“Demat” is what the noble Brittophones would say to greet you.
This month, we want to introduce you to the Breton language, a Brythonic language with Celtic roots spoken by only 200,000 people in Brittany, in the North West of France. Up to the 12th century, this language was spoken by the upper class of the region. In the early 20th century, it was still spoken by 1.3 million people. This drastic decrease in the number of speakers in the last century was the reason why the UNESCO ranked it as a language in severe danger of extinction and why we decided to present it on our blog for endangered languages.
Breton is not legally recognized as an official language by the state of France, nor was it taught in schools until very recently. In 1999, the Office of Breton language was founded to promote Breton in all spheres of social and public life. The network of bilingual schools is currently growing and local communities are beginning to implement proactive language policies to counteract the imminent threat of extinction. Another attempt to bring the Breton vocabulary back to people’s mind is the terminology center TermBret, where, among other functions, one can consult an online dictionary to translate French terms into Breton and vice versa.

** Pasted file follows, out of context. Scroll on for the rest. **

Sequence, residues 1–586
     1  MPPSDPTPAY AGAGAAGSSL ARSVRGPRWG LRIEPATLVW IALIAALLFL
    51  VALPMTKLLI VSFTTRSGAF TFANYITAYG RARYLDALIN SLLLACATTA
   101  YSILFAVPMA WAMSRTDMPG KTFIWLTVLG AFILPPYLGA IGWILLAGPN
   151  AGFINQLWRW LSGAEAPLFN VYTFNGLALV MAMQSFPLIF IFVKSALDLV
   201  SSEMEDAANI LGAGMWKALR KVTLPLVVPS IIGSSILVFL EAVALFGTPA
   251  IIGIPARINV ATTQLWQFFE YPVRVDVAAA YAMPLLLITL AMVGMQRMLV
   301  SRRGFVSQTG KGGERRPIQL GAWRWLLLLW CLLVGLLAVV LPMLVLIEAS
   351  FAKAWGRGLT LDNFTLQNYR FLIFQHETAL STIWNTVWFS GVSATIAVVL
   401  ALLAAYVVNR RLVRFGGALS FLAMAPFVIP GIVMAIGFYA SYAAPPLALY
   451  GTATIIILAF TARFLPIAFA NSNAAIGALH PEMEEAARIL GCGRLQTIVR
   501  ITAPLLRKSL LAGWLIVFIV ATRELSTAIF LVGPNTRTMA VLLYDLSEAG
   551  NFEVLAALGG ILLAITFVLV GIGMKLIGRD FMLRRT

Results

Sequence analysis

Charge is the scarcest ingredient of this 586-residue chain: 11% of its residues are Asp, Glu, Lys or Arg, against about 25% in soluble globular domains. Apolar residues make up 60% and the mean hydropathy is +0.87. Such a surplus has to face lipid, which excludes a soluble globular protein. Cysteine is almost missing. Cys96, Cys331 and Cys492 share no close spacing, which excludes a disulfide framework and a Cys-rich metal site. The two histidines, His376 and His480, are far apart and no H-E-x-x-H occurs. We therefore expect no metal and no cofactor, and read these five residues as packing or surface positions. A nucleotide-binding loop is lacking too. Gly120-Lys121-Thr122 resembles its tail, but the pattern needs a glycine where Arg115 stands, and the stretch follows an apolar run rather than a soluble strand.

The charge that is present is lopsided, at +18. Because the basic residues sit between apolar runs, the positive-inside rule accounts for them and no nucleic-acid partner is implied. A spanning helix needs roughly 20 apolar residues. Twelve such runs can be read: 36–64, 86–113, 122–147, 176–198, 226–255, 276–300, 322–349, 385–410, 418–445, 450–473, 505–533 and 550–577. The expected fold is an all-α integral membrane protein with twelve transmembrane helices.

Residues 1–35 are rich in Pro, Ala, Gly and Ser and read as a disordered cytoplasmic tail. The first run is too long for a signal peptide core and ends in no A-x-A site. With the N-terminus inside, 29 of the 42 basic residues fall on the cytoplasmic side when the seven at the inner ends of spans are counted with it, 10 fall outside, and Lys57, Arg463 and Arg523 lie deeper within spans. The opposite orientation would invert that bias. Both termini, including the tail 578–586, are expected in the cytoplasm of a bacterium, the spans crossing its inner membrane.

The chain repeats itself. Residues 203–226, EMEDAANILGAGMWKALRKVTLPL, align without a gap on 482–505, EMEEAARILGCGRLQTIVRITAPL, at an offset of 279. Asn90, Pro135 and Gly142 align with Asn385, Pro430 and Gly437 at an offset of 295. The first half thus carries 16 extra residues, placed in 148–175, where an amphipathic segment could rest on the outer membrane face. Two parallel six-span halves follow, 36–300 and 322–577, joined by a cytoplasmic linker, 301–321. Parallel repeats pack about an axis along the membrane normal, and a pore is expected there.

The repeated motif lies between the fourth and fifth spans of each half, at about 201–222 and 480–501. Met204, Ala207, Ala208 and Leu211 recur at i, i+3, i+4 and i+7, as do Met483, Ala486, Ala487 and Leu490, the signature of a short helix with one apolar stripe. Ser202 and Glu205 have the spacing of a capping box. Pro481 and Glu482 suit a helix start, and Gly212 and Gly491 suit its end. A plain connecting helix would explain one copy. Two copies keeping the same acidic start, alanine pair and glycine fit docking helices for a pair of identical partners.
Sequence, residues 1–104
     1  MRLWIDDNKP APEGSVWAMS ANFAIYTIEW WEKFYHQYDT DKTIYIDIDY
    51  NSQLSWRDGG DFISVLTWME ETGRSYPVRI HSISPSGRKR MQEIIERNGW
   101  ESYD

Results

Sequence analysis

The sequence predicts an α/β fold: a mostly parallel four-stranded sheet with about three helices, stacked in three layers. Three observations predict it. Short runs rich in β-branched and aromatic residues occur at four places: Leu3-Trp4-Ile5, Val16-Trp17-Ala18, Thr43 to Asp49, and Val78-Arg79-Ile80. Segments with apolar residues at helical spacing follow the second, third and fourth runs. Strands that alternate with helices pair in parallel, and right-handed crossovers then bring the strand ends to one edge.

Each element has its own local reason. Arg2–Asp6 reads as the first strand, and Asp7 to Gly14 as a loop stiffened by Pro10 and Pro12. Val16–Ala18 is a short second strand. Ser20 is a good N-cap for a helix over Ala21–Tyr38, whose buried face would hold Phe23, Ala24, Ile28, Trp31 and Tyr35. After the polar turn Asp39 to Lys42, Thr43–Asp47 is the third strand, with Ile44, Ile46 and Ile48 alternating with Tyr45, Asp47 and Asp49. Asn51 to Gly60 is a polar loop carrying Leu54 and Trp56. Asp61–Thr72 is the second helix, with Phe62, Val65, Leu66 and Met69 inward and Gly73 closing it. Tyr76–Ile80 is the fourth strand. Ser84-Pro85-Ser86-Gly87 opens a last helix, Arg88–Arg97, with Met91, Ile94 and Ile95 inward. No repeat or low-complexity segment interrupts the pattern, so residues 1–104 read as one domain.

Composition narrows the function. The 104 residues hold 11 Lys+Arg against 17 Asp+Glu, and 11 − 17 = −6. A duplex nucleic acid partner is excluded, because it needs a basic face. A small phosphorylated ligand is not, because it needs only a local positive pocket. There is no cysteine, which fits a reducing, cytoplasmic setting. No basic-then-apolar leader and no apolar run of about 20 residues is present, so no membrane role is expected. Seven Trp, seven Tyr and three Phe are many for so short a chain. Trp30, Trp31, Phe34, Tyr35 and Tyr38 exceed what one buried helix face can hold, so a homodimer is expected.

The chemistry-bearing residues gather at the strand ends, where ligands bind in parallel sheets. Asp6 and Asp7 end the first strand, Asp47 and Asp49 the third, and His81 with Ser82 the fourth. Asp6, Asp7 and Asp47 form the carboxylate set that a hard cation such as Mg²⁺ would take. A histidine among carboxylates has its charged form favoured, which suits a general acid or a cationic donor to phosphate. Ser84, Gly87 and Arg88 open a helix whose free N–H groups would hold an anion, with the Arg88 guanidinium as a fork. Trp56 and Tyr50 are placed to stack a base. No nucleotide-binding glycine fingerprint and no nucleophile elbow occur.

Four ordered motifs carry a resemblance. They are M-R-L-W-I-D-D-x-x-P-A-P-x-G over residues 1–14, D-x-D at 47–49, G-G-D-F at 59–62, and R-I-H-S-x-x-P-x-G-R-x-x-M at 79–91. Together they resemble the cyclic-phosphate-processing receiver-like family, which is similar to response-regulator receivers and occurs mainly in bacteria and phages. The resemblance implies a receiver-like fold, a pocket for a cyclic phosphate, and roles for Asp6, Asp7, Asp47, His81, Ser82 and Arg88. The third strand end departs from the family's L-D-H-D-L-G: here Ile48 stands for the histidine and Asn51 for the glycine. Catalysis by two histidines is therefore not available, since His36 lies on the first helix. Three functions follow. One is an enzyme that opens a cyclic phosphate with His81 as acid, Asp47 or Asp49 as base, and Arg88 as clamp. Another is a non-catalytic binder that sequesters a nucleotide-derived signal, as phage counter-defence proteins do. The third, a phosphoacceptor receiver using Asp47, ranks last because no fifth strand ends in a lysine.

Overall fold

A very unique characteristic of Breton is the “zh”, a little orthographic character which allows a common script for two possible pronunciations. In fact, the word Brezhoneg (Breton Language) can be pronounced “brezoneg” or “brehoneg”, depending on the region. This character became very popular and is nowadays the symbol of both Brittany and Breton.
Every language implies a unique mindset, culture and history. The most visible aspect of Breton culture is its music, which is strongly influenced by Celtic rhythms. The work and creativity of musicians and the increasing number and diversity of festivals, fest-noz, have aimed at spreading the Breton culture; also preserving the traditional Breton dance.
Who says that rare languages are only spoken in their original region? Breton is also taught in Alego, Kenya! Beatrice Ouma discovered the Breton language when studying in France and decided to learn and teach it in her country. Her idea was that just as any endangered plant or species, an endangered language needs to be relocated in order to grow stronger. She has taken up the cause of teaching children in her village to count, sing and speak in Breton, in order to keep this foreign language alive.
Try learning Breton yourself! Here you have some basic vocabulary to get a first impression of the language!
|Mar plij||S’il te/vous plaît||Please|
|Yec’hed mad!||À la vôtre!||Cheers!|